By: Sharon E. Chin
Current research continues to support the need for health care services for victims of human trafficking. The Lancet Global Health Journal recently published one of the largest studies exploring the health of men, women and children who have used post-trafficking services in Cambodia, Thailand and Vietnam. This study was distinguished by its inclusion of sex and labor trafficking victims from different countries as well as by having a wide age range and various genders (past studies regarding human trafficking and health have principally comprised of smaller groups of women who were sex trafficked).
The study, Health of men, women, and children in post-trafficking services in Cambodia, Thailand, and Vietnam: an observational cross-sectional study, selected their study population through several post-trafficking services that encompassed clients from different ages, sex, sector of exploitation, and country of origin. Those who were fit to enter the study and recently admitted into one of the post-trafficking services were interviewed. A survey instrument was used to identify trafficked victims’ socioeconomic background, past exposures, conditions experienced while they were trafficked, health, and future plans.
Over one thousand individuals were surveyed and the majority of the respondents were recovered outside of their country of origin (ie. victims were taken from their home country and forced to work in another). China and Thailand were the top two countries trafficking victims from the study were sent to work, and the most common sectors of exploitation were sex work, fishing, and factory work.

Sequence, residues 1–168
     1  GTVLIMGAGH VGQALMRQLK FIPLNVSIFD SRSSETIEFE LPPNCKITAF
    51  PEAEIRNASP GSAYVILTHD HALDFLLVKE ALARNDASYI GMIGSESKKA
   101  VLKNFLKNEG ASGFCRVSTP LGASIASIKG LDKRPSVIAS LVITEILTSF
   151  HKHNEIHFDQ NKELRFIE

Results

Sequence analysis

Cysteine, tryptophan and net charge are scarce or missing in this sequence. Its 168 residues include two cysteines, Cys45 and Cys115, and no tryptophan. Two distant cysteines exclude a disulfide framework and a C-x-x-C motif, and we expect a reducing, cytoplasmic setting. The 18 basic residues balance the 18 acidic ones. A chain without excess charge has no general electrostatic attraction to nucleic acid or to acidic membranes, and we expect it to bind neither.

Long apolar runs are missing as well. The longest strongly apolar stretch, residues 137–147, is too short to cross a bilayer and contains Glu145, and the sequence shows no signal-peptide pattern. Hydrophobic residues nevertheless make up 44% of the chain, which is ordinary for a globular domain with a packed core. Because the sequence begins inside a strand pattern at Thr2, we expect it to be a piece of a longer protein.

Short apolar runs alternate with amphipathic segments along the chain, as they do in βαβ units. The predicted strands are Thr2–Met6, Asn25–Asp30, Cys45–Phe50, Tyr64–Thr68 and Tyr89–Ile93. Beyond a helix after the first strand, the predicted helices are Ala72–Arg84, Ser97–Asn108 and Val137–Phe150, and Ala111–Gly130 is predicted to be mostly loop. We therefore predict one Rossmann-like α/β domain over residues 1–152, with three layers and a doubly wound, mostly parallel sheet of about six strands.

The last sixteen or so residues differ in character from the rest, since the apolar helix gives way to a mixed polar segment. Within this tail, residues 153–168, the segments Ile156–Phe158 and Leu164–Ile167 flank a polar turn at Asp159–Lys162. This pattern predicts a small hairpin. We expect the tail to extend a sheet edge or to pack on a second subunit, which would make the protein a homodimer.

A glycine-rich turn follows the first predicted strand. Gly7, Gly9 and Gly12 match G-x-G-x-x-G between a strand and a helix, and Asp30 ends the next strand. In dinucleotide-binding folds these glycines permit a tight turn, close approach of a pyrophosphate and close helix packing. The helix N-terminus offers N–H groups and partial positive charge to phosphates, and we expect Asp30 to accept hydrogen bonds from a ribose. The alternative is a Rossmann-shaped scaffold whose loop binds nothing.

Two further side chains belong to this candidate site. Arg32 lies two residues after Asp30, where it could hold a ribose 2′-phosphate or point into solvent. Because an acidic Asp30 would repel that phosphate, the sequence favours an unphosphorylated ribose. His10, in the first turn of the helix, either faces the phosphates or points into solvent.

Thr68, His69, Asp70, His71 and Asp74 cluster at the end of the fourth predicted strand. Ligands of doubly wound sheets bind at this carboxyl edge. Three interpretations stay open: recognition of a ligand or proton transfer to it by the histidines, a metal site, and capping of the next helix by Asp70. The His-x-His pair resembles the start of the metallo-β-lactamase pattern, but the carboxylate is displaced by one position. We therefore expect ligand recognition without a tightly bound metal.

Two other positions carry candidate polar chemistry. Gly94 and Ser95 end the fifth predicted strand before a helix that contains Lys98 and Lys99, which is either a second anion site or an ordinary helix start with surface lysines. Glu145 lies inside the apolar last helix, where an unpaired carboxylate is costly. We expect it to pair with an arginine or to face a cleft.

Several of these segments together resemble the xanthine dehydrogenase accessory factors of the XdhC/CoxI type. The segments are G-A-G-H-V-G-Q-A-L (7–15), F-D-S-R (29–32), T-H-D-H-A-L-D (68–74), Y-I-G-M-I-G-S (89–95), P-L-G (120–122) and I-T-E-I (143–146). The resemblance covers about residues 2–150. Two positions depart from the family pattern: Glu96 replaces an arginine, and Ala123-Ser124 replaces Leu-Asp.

While captive, most victims had no weekly rest day and reported living with at least one bad living condition (eg. Overcrowded sleeping rooms, inadequate water for drinking, lack of food, overexposure to harsh weather, etc.). While physical health problems were self-reported, the existence of mental health issues – depression, anxiety, PTSD, attempted suicide within the past month – were much more significant.
Our findings also show that restricted freedom is a core indicator of trafficking and a key risk factor for poor mental health – participants were severely restricted were roughly twice as likely to report symptoms of PTSD, anxiety, and depression as trafficked people who were not restricted. – Kiss, L., et al.
When looking at the link between mental health issues and living conditions, severe factors like working overtime, living in bad conditions, threats, violence, cheated wages and restricted freedom amplified the likelihood of victims suffering from PTSD, anxiety or depression. Physical violence, occupational hazards and threats were more common among men, whereas physical and sexual violence were more common among women. More than half of all victims were not free to do what they wanted.
With such a large and diverse study population, this study was able to identify an array of risk factors that were not previously studied. Most importantly, mental health services for trafficking survivors has been shown to be imperative for long term post-trafficking services.
Kiss, L. et al. (2015 Mar). “Health of Men, Women, and Children in Post-trafficking Services in Cambodia, Thailand, and Vietnam: An Observational Cross-sectional Study.” The Lancet Global Health 3 : 154-61.
Image “P1130755_2” by andrewvitale can be found at: http://www.flickr.com/photos/74757483@N06/6728068691
Resource Alert: Cross-Sectional Study on Mekong Post-Trafficking Services was originally published @ Cancer inCYTES Blog and has been syndicated with permission.
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